COMMERCIALLY AVAILABLE ACETIC ACID PRODUCTS
Check with your state to determine if a product is registered to be used as a pesticide.
Bradfield Natural Horticultural Vinegar – 20% vinegar (acetic acid) + yucca extract. (Bradfield
Organics) NOT OMRI Listed Burn-out – 25% acetic acid (St. Gabriel Laboratories).

Grotek Elimaweed Weed And Grass Killer – 7.15% acetic acid (GREENSTAR PLANT PRODUCTS)

Maestro Gro’s Organic Vinegar. 20% acetic acid (Ag Organics/Nature’s Wisdom) 1 gal %15.79

Natural Weed Control – 0.2% citric acid, 8% acetic acid + water. (Nature’s Wisdom/Ag Organics).

Soil Mender 10% Vinegar – 10% acetic acid (made from grain alcohol and not from glacial acetic acid), orange oil, molasses, and a natural surfactant.

Vinagreen Natural Non Selective Herbicide- 20% acetic acid (CMC Chemical)

Weed Pharm Fast Acting Weed And Grass Killer – 20% vinegar (acetic acid) (PharmSolutions.

Things you may or may not know about Glyphosate

Glyphosate was patented by Monsanto under the trade name ‘RoundUp’ in 1974. Glyphosate is now widely available from many manufacturers under numerous trade names after patent protection ended in 2000: RoundUp, KleenUp, Accord, Imitator, Eraser, Pronto, Rodeo, etc.. There are over 750 products containing glyphosate for sale in the U.S according to the National Pesticide Information Center.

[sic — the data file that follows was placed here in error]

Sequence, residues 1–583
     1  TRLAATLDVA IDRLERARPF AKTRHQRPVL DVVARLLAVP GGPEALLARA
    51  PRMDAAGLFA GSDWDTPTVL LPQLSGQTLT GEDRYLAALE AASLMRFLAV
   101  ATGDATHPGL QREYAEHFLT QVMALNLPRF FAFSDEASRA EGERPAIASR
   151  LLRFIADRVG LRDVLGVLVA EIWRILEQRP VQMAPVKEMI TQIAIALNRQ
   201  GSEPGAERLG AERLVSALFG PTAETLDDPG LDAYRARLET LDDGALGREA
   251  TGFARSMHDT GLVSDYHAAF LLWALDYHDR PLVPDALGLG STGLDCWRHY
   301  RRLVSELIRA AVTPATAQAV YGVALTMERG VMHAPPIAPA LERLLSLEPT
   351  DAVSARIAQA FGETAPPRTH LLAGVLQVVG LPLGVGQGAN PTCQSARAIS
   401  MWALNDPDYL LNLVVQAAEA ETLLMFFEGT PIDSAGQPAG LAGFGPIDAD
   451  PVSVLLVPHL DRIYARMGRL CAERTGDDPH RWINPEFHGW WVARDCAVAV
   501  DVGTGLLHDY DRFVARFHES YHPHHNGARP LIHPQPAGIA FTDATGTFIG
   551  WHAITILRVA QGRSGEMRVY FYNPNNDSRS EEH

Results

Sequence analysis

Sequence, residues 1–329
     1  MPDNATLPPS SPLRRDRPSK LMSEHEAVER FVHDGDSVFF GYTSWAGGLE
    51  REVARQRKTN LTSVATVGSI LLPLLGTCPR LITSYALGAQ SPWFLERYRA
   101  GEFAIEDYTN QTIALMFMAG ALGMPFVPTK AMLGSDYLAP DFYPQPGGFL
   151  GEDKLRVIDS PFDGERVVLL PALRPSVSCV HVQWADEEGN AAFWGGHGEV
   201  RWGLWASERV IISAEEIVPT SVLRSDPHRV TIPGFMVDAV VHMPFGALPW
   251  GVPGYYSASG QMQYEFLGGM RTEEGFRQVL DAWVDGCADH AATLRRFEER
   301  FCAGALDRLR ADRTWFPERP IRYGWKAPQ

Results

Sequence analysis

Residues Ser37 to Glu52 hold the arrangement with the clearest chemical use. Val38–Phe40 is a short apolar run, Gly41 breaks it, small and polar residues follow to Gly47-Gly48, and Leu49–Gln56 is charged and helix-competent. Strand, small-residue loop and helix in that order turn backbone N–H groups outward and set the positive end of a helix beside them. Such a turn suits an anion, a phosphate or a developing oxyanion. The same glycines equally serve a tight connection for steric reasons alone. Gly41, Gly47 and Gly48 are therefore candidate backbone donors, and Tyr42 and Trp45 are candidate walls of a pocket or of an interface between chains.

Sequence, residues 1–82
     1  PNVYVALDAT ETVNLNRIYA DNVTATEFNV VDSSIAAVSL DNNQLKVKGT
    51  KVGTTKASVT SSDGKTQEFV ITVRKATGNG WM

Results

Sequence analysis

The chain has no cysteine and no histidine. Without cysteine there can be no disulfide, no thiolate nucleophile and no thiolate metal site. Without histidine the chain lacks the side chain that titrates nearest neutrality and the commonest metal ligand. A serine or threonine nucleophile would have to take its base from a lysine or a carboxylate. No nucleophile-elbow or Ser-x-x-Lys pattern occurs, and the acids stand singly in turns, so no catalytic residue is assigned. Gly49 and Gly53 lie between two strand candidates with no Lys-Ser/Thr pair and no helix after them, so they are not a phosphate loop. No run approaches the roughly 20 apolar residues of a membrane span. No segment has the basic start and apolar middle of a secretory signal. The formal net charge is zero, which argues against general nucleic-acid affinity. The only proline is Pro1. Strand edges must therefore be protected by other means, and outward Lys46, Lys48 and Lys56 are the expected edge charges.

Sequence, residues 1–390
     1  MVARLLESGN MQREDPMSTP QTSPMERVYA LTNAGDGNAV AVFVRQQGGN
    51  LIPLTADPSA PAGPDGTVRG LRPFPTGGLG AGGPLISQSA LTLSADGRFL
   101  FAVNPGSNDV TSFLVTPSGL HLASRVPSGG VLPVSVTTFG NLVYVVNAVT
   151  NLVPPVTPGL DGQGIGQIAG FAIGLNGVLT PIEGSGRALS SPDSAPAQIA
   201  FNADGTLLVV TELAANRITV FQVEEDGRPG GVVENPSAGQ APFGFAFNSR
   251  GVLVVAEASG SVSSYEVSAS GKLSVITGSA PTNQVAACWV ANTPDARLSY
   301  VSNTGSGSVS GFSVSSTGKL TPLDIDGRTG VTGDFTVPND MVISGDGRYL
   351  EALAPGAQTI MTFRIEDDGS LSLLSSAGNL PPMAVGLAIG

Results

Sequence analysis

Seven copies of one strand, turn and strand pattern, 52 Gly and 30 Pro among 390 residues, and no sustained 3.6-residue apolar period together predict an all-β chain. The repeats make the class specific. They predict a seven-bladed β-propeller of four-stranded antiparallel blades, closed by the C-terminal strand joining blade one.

As a non-selective herbicide, glyphosate will kill most plants it contacts. Accordingly, it can be used for vegetation cleanup prior to all types of planting, e.g. field/bed/turfgrass preparation or renovation. It can be spot sprayed for general weed control or sprayed directly over top of specific crops at certain times of year (e.g. over Christmas trees/conifers in the fall). No other herbicide works as well on perennial grasses as glyphosate particularly late in the season.

Glyphosate does not leach through soil like some herbicides and has low mammalian toxicity, it has been considered to be very safe toxicologically and environmentally, with hundreds of studies showing the active ingredient to be less acutely toxic than common table salt or aspirin.